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When someone says that Node.js cannot become enterprise standard like Java. Bitch what the fuck is Netflix, Yahoo, WalMart and PayPal using. Fuck you!

Comments
  • 7
    I don't have anything against node.js (I don't like js in backend though), but in this case using yahoo, which has been in the brink of extinction for years, paypal which is despised by developers and Walmart which is a terrible company to prove your point is terrible advertising...

    Netflix is ok.
  • 1
    @ggromx it's not about the opinion of dev crowd on the projects, it's about size and 'enterpriseness'

    Besides you can't say Yahoo Answers aren't hilarious and PayPal can get you some of that $$$ goodness at times.

    All in all, I like neither Java nor Node
  • 3
    Enterprise standard language doesn't mean an enterprise is using it, it means it provides enterprise grade "solutions".
  • 1
    What would be the other option instead of node? Others are either slower or less mature
  • 1
  • 2
    @treeroot not enough libs, very slow regexp execution
  • 1
    @qwertyboy what a shame, but thanks for information
  • 1
    At least the installer doesn't come with malware like the ask toolbar
  • 0
    Java runs alot of maintained systems. Can't escape it. Newer companies embrace node.js
  • 0
    @kaqqao hush, I fumble great hatred towards Java, since in comparison to other JVM languages or C#, it is plain retarded. If you want to burn your tongue yourself, you can check out my comments from like 14 days ago and cool it down on http://harmful.cat-v.org

    On the other hand, I am mostly a C programmer, so while I acknowledge there are some aged aspects of it, I have not much against it
  • 0
    @kaqqao Profitability to companies that don't usually give shit about code quality, language design and consistency doesn't imply ingenuity of the language. Cancer also makes a lot of money for hospitals but that doesn't imply cancer is good. Quite frankly, both are still widespread.

    You don't really care about objective quality of the design of the language, you just make yourself believe it's good and use not-directly-related facts as arguments.

    You could use some default arguments, but oh wait, you can't because Java doesn't support them. Check.
  • 0
    @kaqqao java.lang.OutOfMemoryError

    Yeah, I heard this tune before. Thanks for proving my point about what companies care about and rephrasing what I said with a greater amount of words and in a more energetic manner.

    As for backwards compatibility, I doubt you have better one than C, C++ or C#. Same, maybe? But certainly not the best.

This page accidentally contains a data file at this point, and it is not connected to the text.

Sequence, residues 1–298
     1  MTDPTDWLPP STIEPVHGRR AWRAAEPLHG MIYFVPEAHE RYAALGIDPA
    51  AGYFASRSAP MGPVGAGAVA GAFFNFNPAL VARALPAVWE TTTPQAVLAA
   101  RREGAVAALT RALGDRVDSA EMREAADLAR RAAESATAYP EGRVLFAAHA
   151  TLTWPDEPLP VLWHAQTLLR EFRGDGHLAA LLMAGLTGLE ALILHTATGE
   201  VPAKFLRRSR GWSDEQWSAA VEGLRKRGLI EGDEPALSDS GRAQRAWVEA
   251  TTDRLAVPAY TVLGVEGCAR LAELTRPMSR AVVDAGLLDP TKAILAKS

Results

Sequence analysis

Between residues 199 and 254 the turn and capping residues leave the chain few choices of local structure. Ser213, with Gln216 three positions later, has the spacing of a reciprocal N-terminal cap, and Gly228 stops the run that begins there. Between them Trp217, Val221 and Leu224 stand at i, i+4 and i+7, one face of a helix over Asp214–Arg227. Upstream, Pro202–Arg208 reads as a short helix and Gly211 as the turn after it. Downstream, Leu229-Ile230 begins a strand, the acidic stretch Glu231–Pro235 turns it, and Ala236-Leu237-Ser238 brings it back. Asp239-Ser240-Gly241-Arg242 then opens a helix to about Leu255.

I agree with a lot of things you said, especially because it matches my words, but if you had elegant and frugal code, you wouldn't need to 'choke most tools with your code'
  • 0
    @kaqqao
    sigh...

    "companies that don't usually give shit about code quality, language design and consistency"

    ==

    "*These* are the features big players care about. Not language design, not brevity of code, not quick prototyping, not elegance, not fucking trends."

    >There's no room for inconsistencies, frameworks changing over night, poor fragile tooling and nonsense."

    You are comparing to JS here, I believe and I agree 100% with you on that. Has nothing to do with my original point though.

    When I spoke about consistency I meant language design consistency, for example naming in the standard library or other conventions. Framework inconsistency is absolutely unacceptable and I agree on that.

    >JVM's performance and characteristics are well understood and tuning them is well documented.

    So is .NET's. It says nothing about Java as a language, which is what I am talking about. I like many other JVM language and have nothing against them.
  • 0
    >Java is a reliable workhorse not a show dog, and that's what we need.

    A reliable workhorse has either a GC that works out of the box reliably without need for tuning or none at all. Being a show dog is bad and I agree with that, but that doesn't justify mandatory brackets about try-catch blocks even with single statements, lack of default parameters, outright refusal of operator overloading, lack of true properties or the way generics work in Java (type erasure)
  • 0
    @kaqqao
    >Our product works with massive data for a crazy number of clients, has many supported versions, and client instances have been upgraded multiple times across the years.

    Cool, cheers to that, but it doesn't contribute to the discussion of the language aspects much.

    >The tool support is leaps and bounds above the next.

    I agree, but so is C#'s and C++'s. I guess JS's to a degree too, but I don't use JS much. The issue with frameworks and which really gives me incentive to avoid it and outweighs great tooling in some instances.
  • 0
    @kaqqao
    frugal code == less code
    less code == less input to tools
    less input to tools == less time and performance needed to process it
    less time and performance needed to process it == less choking of tools
  • 0
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